Hoag Presents "Ask the Doctor" for Spring 2016

In this edition of Ask the Doctor, Dr. John (Jeb) Brown, Dr. Valentina Dalili-Shoaie, Dr. Sandra S. Kwak and Dr. Sandeep Thakkar provide important information on a variety of topics including minimally invasive robotic surgery, genetic testing, underactive and overactive thyriod conditions, and Parkinson's disease.

John (Jeb) Brown, M.D.

Q: What are the benefits of Hoag’s Multidisciplinary Robotic Surgery Program?

A: At Hoag Family Cancer Institute, we have access to the most advanced minimally invasive technologies and highly skilled clinical teams when it comes to robot-assisted surgery. Compared to traditional “open” gynecologic procedures, robotic surgery has fewer complications, less blood loss, a shorter hospital stay and quicker return to normal activities. This is possible due to the sophisticated optics on the robot as well as the “wristed” instruments which rotate like a human wrist, yet are approximately one-third of an inch in width. Hoag has five robots on its two campuses, including two Xi and two Si systems in Newport Beach, as well as one Xi robot in Irvine. The Xi robot is the newest platform and is designed for the most complex surgical procedures.

Hoag has become a regional leader in the field of robotic surgery and performs the highest volume of robotic procedures in the state of California. The Multidisciplinary Robotic Surgery Program consists of physicians from gynecology, gynecologic oncology, urology, general surgery, thoracic surgery, cardiac surgery and colorectal surgery, who have all been specially trained to use this minimally invasive technology to treat their patients. The physicians on this team meet every other month with representatives from the hospital administration to explore ways to optimize the patient’s experience, increase efficiency and decrease cost.

With a fierce commitment to exploring and perfecting innovative treatment options, Hoag has been recognized as a Center of Excellence in Minimally Invasive Gynecology (COEMIG™) by the American Association of Gynecologic Laproscopists (AAGL) and the Surgical Review Corporation for providing exceptional gynecologic surgical care and being dedicated to continuously improving care and patient safety.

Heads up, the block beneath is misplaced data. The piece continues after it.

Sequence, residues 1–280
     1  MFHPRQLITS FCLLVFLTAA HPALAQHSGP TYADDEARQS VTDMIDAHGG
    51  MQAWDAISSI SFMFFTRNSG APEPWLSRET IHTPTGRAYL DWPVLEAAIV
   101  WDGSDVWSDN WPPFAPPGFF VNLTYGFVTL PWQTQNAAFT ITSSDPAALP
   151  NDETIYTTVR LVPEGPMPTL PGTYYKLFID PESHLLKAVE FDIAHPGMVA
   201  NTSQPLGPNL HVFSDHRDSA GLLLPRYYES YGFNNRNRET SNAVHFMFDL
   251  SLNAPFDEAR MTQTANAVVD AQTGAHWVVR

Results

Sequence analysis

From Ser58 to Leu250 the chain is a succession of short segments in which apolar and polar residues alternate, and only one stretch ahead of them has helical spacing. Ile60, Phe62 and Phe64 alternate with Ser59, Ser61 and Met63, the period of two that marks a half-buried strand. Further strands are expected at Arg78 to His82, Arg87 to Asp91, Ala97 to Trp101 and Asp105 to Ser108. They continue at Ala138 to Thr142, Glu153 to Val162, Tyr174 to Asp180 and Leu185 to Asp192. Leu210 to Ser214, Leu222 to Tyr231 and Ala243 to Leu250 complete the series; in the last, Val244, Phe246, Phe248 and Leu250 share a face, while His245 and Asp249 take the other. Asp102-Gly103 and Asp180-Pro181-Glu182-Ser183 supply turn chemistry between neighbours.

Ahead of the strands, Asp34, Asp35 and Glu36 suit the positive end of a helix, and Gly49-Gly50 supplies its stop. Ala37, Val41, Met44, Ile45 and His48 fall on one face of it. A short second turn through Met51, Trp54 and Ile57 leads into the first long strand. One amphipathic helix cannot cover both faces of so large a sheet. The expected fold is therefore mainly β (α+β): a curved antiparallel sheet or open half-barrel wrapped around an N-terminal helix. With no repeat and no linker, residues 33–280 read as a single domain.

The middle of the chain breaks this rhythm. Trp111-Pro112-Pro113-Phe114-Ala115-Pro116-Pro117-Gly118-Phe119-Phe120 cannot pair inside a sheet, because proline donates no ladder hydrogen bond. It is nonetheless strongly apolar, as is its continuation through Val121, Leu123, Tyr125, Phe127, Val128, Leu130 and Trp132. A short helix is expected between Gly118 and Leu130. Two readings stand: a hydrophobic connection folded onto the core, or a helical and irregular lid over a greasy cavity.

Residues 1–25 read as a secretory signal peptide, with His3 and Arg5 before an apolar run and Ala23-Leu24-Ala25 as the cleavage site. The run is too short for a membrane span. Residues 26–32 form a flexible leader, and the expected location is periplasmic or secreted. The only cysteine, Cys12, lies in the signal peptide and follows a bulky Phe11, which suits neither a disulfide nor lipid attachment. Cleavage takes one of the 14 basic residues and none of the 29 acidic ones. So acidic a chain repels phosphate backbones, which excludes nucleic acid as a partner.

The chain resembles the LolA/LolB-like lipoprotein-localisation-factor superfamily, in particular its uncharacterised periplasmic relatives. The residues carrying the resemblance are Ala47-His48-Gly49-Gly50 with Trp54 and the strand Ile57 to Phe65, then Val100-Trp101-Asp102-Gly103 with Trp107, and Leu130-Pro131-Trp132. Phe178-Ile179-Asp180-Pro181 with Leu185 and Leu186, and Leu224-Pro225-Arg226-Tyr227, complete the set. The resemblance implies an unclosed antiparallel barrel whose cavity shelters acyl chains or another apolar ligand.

Dr. John (Jeb) Brown is a gynecologic oncology surgeon at Hoag.

Valentina Dalili-Shoaie, M.D.

Q: What does a Medical Geneticist do and how does genetic testing play a role in my health?

A: A Medical Geneticist is a physician that undergoes additional training and education to become board certified in genetics. This physician can provide comprehensive diagnostic testing, management, and counseling services for patients with potential or known hereditary conditions. Examples of hereditary conditions include cancer (breast, colon, ovarian, thyroid, pancreatic), cardiovascular disease (hereditary aortic aneurysms, heart conduction abnormalities), and neurologic disorders (early onset Alzheimer’s disease and movement disorders such as Huntington’s and Parkinson’s).

If a potential hereditary condition is identified within the patient, genetic testing is recommended with two main goals in mind:

  • To identify a pathogenic mutation (an abnormal change in the gene leading to abnormal function). Once confirmed, clinical monitoring (serial imaging, blood work, routine follow up with specialists) is established in order to prevent a serious medical event.
  • To test other family members at risk. For those family members who test negative, unwanted and unnecessary monitoring can be avoided.

Ultimately, appropriate genetic testing is not only beneficial for the patient but for their family as well and can improve quality of life.

By reviewing your personal and family history, a primary care physician is often able to identify a potential hereditary condition that may require genetic evaluation. Or, a patient may already know the specific hereditary condition tracking through the family and ask his or her primary care physician to be referred to a Geneticist for further evaluation. Within the Hoag Family Cancer Institute, Hoag offers a comprehensive Richard J. Flamson Hereditary Screening Program, where familial cancers are evaluated by genetic counselors. Hoag is also in the process of developing multi-disciplinary clinics for hereditary cardiac and neurologic conditions.

Valentina Dalili-Shoaie, M.D. is a Medical Geneticist, with a background in Internal Medicine, at Hoag Medical Group and also serves as the Medical Genetics director for Hoag. She practices at the Newport Beach location. For appointments or more information, visit HoagMedicalGroup.com or call 949-791-3002.

Sandra S. Kwak, M.D.

Q: I think I may have an underactive or overactive thyroid condition. What are some of the symptoms?

A: Simply stated, the thyroid gland releases a hormone into our blood stream that governs the energy production of cells in our body. Hypothyroidism (underactive thyroid) occurs when the thyroid gland doesn’t produce enough thyroid hormone and the body’s processes start slowing down.